And animation? Well maybe yours is audioless, so you’re thinking you’re cool. Nope! Just don’t.
5. Banner Ads, Promo Boxes, Ads for Ads Sake
Ten or 12 years ago users used to click on those ads and even bought things. Today they are taking up valuable real estate and possibly putting you at risk for a Google ad space penalty.
Unless you’re one of the lucky few who are making real revenues from these third-party traffic detours, best to leave them off your site or if you must have them replace them with internal ads to your own pages. This way you keep your visitors on your site and focused on your content.
Remember, for every cent you make for a click, you’re also taking users off your site. Is this really helping you make money in the end?
6. Pop-Up Anything
If it pops up, kill it. Whack that mole!
Seriously, with pop-up blockers almost no one is seeing it and with mobile devices you are just impeding the users ability to access your content. Now this is not referring to lightbox implementation or other styles of layered div techniques, just the actual popover or even pop-under.
Although, really? Is someone going to register to use your site if they have not gotten to the content yet? And have you tried it on a tablet or mobile device? A/B test these and see whether they are helping or impeding.
7. Websites as Apps
Your website is not an app! Repeat, in case your mind was wandering. your website is not an app, stop treating it like it is one.
Website users are a multivariate group with varying user intents, whereas the app user is looking for the app to take them quickly to definitive and finite goals. Don’t confuse the two purposes.
Your website should offer all the same content on mobile and tablet that it does on the main desktop site, and your app should have 2-4 main user goals that your site data indicates are desired and needed.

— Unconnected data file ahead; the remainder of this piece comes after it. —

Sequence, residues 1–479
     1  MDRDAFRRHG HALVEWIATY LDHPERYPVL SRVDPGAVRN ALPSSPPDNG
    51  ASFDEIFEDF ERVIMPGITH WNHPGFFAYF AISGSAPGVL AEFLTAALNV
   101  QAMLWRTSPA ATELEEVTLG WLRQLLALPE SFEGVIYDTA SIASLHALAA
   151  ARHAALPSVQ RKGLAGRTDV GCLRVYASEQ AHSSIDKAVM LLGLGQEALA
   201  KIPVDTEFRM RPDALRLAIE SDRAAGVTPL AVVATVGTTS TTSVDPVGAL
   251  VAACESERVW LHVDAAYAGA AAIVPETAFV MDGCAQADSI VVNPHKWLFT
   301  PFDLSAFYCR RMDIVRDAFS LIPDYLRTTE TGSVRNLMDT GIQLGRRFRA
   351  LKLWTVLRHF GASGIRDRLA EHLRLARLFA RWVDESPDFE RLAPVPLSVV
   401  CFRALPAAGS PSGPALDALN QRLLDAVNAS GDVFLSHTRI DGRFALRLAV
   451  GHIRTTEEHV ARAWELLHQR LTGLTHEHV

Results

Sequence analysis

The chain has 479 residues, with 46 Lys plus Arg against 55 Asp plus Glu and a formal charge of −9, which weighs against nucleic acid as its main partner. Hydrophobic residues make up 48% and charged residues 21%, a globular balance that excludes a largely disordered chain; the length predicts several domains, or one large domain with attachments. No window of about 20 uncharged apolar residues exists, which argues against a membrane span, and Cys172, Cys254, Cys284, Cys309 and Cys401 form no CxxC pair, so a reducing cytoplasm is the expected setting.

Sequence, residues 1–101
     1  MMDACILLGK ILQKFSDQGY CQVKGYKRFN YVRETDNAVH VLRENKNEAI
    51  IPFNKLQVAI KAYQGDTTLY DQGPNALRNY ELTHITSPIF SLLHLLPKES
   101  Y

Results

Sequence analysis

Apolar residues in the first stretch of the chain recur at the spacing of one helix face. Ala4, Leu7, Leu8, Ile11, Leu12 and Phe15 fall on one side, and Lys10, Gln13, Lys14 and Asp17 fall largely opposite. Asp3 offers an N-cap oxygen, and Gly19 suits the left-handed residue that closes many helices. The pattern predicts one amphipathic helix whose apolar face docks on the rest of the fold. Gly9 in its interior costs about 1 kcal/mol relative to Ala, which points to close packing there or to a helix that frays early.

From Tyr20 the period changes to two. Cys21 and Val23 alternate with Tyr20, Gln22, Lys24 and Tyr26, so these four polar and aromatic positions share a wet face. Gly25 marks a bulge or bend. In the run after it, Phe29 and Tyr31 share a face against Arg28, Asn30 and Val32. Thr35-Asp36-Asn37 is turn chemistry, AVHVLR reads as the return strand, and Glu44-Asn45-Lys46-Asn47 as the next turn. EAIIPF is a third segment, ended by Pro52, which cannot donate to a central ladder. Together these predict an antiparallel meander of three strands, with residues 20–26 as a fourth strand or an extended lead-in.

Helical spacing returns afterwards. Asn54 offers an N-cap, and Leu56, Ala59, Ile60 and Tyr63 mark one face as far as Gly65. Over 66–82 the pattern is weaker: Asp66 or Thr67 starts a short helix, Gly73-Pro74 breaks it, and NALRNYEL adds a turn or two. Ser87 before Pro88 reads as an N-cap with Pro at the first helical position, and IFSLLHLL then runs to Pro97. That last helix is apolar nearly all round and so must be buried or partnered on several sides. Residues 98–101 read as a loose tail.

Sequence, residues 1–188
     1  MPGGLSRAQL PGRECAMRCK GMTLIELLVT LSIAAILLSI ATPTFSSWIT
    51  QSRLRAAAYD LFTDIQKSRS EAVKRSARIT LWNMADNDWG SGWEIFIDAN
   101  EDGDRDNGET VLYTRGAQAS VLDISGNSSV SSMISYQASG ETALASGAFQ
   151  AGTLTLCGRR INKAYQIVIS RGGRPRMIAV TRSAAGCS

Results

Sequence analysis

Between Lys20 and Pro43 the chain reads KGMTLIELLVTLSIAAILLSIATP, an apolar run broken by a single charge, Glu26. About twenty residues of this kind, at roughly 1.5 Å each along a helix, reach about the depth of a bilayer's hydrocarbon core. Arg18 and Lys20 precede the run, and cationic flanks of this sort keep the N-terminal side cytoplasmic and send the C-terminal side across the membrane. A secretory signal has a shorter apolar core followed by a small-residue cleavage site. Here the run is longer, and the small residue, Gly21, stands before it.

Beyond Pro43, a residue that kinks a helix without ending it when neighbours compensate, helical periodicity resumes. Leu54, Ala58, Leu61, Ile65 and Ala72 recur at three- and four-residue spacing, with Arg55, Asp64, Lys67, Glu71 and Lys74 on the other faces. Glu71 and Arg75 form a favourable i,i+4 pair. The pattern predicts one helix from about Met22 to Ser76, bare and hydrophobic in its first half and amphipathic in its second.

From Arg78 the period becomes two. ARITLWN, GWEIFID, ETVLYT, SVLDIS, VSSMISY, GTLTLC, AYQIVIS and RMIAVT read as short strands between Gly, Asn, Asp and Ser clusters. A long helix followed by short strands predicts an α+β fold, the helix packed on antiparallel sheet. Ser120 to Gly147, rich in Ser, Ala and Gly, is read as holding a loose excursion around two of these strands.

8. Copy For Copy Sake
Yes, copy is all the rage these days. Non-SEO people discovered copy is good for SEO and suddenly 2012 was the year of content marketing and content development and content everything. New? No, but new to some.
So what is wrong with this? Nothing if your content is clear, consistent, and contextual.
But for many, content is about driving metrics such as pageviews and impressions and quality be damned as long as people are visiting. That isn’t OK.
This type of content development, search engine trolling, is against Google’s TOS and bad for users. If it is bad for users, it is likely bad for your site. Just ask those who haven’t recovered from their Google “Content Trolling” slapdowns, well if you can find them.
9. Keyword Tagging
Keyword tagging originally started as a way to group content into sets of pre-defined keywords so users could find all articles under one topic. Now authors make up tags on the fly, are given unlimited tagging capability, and create multiple one off pages acting as topics giving the site duplicate content issues.
Your content tagging should be keyword appropriate, but limited, fixed and finite. Don’t allow your authors to just make these up as you go along and don’t have infinite topic creation. Keyword tagging should help find content, not drive SEO terms and unlimited topic page creation.
10. Vertical Scroll Sites
This site actually does it right. As does this one. These sites eliminate the perception of the page and allow their users to engage with the information at whatever point the page lands. These sites integrate the changes between top and bottom as a seamless flow without the need to stop at exact points.
This one is less successful. I have to try to stop it at the right stop points. This is more annoying than interesting and begins to equate to a negative user experience.